A new online tool aims to inform listeners about the amount of money their favourite artists take home from digital music streaming. Gabi Ferraté, an engineer and developer at BMAT has created the Royalties Calculator with the aim of demystifying the clouded issue.
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The calculator works simply: type in the name of an artist, hit enter and you’re presented with the estimated royalties they earn both in a month and annually. According to BMAT, the tool also lets artists cross-check their royalties to see if it lines up with their paychecks.
But doesn’t Spotify keep info on its payouts under wraps? Well, yes, and so the tool doesn’t draw information directly from the streaming giant. Instead, it uses the price-per-stream rates from a 2019 study conducted by music analytics company Soundcharts.
A summary of payouts listed in the article showed Spotify paid $0.0032 per stream, while Apple Music paid $0.0056 and Google Play Music paid $0.0055.
However, the article also argues “it doesn’t matter” how much a single stream was worth. Instead, it contends the value of a stream is indicative of a platform’s usage rather than its “fairness” to artists – according to its Soundcharts’ calculations.
“The per-stream rate goes up as the user’s engagement with the platform, expressed as the average streams per user, goes down,” The study wrote. “Imagine that every customer would stream just one song per month. In that case, the per-stream payout would skyrocket to $5 — but no one would really win.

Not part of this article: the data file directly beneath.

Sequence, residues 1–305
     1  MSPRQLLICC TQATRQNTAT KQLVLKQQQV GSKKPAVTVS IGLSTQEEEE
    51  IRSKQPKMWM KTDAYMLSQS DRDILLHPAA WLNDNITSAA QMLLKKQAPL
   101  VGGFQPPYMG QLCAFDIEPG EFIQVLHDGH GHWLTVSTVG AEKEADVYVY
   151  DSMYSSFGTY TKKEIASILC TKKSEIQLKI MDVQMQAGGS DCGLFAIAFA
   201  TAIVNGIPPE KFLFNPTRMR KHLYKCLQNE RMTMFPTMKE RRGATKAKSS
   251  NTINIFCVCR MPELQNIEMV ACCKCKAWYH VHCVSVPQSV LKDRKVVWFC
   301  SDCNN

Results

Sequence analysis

“It doesn’t matter if you get 5,000 streams worth $0.001 or a single stream worth $5 — the artists would still make the same money. The only change is that their music would be played less.”
Bear in mind the study was from 2019, and Spotify may or may not have changed its policies and algorithms since then. But even today, the value of a stream remains much-discussed where streaming economics are concerned.
In March 2021, global demonstrations against Spotify took place in 31 cities around the globe, organised by the Union Of Musicians And Allied Music Workers. The campaign called for “at least one cent per stream” amongst other demands.
When Nile Rodgers, guitarist of Chic and co-founder of Hipgnosis, spoke at the UK parliamentary inquiry into music streaming last December, he told MPs: “I want to know what the hell a stream is worth […] so I could sit down with my accountant and we can go over real numbers”.
Coming back to the Royalties Calculator, however, its developer is said to be working on the project some more, with the implementation of radio and TV data in the future.